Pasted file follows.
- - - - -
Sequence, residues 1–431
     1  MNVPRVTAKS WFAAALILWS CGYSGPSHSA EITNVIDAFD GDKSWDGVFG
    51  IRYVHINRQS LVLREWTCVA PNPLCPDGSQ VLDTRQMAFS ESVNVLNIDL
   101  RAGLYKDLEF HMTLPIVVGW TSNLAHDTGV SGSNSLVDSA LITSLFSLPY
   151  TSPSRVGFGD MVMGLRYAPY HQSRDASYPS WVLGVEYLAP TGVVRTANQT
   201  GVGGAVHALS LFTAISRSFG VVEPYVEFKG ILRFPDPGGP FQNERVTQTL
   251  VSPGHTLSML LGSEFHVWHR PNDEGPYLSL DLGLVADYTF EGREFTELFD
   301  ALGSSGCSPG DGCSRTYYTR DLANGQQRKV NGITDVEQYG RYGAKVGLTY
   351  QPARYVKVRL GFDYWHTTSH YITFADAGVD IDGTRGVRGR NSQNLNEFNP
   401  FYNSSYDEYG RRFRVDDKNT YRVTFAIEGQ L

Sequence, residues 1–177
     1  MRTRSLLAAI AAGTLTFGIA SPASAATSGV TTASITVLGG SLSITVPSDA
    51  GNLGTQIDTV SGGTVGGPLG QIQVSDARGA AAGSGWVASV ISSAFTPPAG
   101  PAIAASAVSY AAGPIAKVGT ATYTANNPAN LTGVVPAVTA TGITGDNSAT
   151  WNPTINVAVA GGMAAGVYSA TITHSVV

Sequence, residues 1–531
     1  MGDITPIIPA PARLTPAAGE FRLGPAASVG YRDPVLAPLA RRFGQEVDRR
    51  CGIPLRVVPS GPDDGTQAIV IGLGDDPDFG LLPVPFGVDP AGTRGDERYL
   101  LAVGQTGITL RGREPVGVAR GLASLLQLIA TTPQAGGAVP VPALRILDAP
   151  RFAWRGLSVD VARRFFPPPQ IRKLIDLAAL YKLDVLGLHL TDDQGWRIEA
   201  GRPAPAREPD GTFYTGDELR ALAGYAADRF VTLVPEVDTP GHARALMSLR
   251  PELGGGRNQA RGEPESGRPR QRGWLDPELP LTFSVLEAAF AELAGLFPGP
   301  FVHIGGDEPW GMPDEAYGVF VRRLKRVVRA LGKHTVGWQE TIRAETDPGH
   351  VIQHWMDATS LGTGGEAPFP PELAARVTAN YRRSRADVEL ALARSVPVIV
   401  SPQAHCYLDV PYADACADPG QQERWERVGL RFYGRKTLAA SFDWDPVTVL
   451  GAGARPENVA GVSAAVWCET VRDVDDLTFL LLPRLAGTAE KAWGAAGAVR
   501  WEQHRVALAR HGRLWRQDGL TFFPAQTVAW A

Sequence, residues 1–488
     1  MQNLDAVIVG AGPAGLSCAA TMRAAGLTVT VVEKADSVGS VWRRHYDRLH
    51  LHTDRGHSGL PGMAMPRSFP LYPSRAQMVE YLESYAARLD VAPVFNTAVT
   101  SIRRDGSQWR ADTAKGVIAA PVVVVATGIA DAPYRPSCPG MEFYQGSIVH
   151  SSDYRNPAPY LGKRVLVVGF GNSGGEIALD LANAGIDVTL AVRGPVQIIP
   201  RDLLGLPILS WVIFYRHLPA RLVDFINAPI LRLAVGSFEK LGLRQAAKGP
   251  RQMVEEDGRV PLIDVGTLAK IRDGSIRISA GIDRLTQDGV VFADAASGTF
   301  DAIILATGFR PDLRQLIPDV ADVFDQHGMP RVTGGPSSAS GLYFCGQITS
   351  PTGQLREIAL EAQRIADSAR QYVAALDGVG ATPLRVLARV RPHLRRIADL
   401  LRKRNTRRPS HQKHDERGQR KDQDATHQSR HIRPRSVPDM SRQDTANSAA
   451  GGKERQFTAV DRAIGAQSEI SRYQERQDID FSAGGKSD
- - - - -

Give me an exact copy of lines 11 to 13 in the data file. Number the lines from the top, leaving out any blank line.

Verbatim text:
Sequence, residues 1–177
     1  MRTRSLLAAI AAGTLTFGIA SPASAATSGV TTASITVLGG SLSITVPSDA
    51  GNLGTQIDTV SGGTVGGPLG QIQVSDARGA AAGSGWVASV ISSAFTPPAG